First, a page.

Conflicts in Africa

Why is Africa being ignored on the world stage? The level of conflict and unrest is staggering, yet little attention is being paid to the crisis.

If this scale of destruction and fighting was in Europe, then people would be calling it World War III with the entire world rushing to report, provide aid, mediate and otherwise try to diffuse the situation.

Over the next few weeks, I will endeavor to dig into each conflict and explore its causes and possible solutions. For now, here's a complete list of the countries in Africa with the ones experiencing marked unrest and outright war in bold.

Senate Presidential Candidates Missing Many Votes

As of yesterday, 3/21/2007, the United States Senate has had 88 Roll Call votes. The six presidential candidates holding senate seats have missed a total of 101 votes between them.

Perhaps some of these candidates consider the responsibility of their current job a hindrance to their aspirations, but do we really want a president who doesn't take their responsibilities seriously.

More Government Spying

New FBI "emergency" procedures allow agents to request phone records verbally and no longer require that the agents follow-up with a grand jury subpoena.

In the past, agents were required to make such requests in writing and then follow-up with a grand jury subpoena. Very often, according to a report from the Justice Department's Inspector General, agents failed to do any such follow-up.

The report also documents many cases of FBI agents claiming "emergency" circumstances for such requests where no emergency existed. Instead of cracking down on agents, the FBI has decided to lift any semblance of due process by changing the rules to legitimize their illegal practices.

Guinea Under Martial Law, Troops Firing On Civilians

Since our last report on Guinea, their president has declared martial law and sent troops out with orders to end the unrest and violence.

A report today comes complete with video of troops opening fire on protesters. Guinea has been surrounded by war for the past few years, and it is feared that rebel fighters from those conflicts have been steadily crossing into Guinea and may be partially responsible for the unrest.

The American State Department has encouraged Americans to forgo travel to Guinea and has pulled non-essential staff from their consulate there.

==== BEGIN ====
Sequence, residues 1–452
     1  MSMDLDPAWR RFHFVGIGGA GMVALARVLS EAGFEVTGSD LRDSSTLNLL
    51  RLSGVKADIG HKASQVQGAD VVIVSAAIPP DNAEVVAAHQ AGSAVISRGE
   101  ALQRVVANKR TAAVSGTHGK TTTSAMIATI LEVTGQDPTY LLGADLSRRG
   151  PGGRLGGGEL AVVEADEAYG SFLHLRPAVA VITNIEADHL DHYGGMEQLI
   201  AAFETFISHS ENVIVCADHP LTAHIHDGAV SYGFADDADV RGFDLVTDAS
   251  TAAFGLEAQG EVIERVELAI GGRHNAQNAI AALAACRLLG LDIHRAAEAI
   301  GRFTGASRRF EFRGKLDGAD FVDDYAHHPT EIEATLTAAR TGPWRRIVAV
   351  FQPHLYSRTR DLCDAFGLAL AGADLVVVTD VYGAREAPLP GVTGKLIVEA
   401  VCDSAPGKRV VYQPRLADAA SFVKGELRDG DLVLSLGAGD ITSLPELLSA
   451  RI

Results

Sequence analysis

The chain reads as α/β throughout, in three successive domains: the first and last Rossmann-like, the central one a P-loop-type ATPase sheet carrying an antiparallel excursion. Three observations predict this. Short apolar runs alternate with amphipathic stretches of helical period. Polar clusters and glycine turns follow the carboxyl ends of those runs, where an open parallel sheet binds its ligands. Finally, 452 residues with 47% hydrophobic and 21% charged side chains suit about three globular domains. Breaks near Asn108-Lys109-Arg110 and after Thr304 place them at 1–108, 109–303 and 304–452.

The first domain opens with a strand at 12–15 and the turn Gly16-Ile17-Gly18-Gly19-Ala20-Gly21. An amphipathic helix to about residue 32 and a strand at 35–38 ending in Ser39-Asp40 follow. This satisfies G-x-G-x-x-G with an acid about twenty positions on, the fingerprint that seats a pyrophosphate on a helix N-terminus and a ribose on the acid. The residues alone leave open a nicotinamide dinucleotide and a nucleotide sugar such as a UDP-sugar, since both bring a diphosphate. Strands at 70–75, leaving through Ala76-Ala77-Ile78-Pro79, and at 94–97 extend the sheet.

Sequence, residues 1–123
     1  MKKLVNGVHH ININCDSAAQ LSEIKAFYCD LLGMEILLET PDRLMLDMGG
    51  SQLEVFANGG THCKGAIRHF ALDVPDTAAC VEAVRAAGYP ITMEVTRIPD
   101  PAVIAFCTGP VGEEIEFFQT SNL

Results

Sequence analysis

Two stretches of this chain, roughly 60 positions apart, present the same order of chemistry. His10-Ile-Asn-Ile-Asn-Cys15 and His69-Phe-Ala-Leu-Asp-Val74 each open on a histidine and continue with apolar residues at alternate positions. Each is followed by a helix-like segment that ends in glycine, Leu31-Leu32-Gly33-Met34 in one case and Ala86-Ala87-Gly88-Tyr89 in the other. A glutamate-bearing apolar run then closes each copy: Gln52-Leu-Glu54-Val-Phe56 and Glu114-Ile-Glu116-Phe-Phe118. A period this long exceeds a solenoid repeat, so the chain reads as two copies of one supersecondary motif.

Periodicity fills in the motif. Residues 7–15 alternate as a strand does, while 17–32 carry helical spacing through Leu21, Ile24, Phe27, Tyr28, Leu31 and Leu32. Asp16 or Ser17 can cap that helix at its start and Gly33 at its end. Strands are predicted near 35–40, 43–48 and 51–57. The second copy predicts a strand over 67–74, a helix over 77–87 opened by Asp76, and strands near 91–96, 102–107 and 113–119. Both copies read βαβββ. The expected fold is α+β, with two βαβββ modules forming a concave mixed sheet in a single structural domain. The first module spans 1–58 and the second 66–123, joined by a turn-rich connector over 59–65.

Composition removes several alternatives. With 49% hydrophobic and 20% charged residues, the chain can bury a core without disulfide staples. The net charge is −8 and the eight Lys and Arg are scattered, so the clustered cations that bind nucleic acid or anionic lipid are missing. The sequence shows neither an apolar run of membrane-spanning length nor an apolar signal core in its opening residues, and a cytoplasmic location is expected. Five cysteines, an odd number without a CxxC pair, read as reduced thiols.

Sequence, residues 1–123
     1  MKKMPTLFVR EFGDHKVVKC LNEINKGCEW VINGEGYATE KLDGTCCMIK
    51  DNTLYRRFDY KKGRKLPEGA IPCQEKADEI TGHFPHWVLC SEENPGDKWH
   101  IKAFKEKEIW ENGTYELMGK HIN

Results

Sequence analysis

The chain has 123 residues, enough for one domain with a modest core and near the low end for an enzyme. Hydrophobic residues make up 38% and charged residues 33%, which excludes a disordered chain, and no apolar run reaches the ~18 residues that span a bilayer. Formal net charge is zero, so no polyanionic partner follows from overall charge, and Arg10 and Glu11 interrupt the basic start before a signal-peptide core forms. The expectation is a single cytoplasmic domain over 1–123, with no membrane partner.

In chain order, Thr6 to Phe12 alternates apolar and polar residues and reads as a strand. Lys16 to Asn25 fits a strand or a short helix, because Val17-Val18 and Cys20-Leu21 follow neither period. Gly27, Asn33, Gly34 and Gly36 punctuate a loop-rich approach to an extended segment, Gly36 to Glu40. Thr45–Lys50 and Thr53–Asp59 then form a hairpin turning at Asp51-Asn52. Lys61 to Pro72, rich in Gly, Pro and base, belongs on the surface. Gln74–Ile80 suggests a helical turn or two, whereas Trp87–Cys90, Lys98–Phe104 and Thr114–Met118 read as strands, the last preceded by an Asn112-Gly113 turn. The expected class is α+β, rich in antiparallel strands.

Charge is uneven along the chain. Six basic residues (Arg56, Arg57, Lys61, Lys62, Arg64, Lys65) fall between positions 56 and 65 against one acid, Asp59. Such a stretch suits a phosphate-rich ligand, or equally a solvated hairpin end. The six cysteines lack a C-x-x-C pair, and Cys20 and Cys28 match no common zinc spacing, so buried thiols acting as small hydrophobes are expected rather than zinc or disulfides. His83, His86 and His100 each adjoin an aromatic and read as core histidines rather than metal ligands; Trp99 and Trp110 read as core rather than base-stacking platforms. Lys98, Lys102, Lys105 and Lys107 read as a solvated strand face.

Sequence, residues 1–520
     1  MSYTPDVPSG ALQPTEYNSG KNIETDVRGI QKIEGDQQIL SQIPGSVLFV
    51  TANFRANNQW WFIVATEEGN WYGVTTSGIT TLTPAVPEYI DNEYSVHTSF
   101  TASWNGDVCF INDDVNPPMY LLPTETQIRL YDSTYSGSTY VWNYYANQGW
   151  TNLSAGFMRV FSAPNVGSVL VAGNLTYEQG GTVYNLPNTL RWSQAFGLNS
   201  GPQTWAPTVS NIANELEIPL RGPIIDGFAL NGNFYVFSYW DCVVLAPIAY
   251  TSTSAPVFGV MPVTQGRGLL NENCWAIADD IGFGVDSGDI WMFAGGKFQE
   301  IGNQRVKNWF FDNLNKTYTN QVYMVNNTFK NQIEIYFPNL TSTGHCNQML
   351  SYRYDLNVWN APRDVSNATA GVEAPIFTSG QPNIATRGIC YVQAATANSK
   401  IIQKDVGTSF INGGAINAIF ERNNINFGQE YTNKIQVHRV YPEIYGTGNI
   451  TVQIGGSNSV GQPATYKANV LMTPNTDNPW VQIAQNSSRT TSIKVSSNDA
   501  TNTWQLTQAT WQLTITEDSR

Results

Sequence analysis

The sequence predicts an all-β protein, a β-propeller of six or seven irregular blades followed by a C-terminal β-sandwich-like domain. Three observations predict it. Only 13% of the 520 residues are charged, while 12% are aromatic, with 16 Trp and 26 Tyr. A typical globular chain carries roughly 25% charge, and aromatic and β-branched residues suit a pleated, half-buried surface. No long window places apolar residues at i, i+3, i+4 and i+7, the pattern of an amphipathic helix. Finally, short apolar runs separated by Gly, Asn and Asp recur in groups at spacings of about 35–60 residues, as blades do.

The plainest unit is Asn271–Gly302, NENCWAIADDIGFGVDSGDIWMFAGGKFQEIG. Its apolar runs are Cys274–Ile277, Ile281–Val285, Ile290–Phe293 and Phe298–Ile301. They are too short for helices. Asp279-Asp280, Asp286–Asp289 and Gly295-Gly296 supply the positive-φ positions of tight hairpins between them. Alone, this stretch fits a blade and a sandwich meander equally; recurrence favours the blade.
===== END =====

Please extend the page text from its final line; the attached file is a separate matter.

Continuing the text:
Toward 100 Miles Per Gallon

Can you make, and sell, a car that goes one hundred miles on a gallon of gas? That's a question we should expect to hear soon from the X-Prize Foundation (the people responsible for the civilian space race.)

They are expected to announce a $25 million prize for creating a car that can go 100 MPG and, here's the kicker, selling a to-be-determined number of units.

One of the most promising recent developments that stands a real chance of competing for this prize is the concept of a Hydraulic Hybrid. We've heard of "hybrid" cars before and many people have fears regarding the safety and expense of batteries, but these hybrids don't use batteries.

Battery hybrids have electric motors that run off batteries that are charged by braking, a supplemental internal combustion (IC) engine (i.e., gas engine), and sometimes an overnight charge (i.e, a "pluggable" hybrid.)

Hydraulic Hybrids have a hydraulic motor (basically a system of pumps that use pressurized fluid for power). An IC engine powers the pumps to maintain vehicle speed, but most of the power used in acceleration comes for stored hydraulic energy captured during breaking.

France Outlaws Videos Of Violence Recorded By Ordinary Citizens

On the 16th anniversary of the Rodney King incident in Los Angeles, the French Constitutional Council ruled that a new law banning the video recording of violence by ordinary citizens was constitutional. The law does not prevent the press from making such recordings.

The intent behind the law was to reign-in delinquents who commit acts of violence while a friend records them for later amusement value, but civil liberties groups argue that the law was written deliberately vaguely so as to ensnare citizens unrelated to the attacker as well. They believe the intent is to keep videos of police abuse from being made.

Guinea Unrest Rising

Turing attention away from the Bush Administration and its obsession with warmongering, we report on the growing unrest in Guinea.

Guinea was a French Colony until it was unceremoniously abandoned in 1958. Since then, they have had only two presidents. The government there is widely considered corrupt and the people are amongst the poorest in Africa.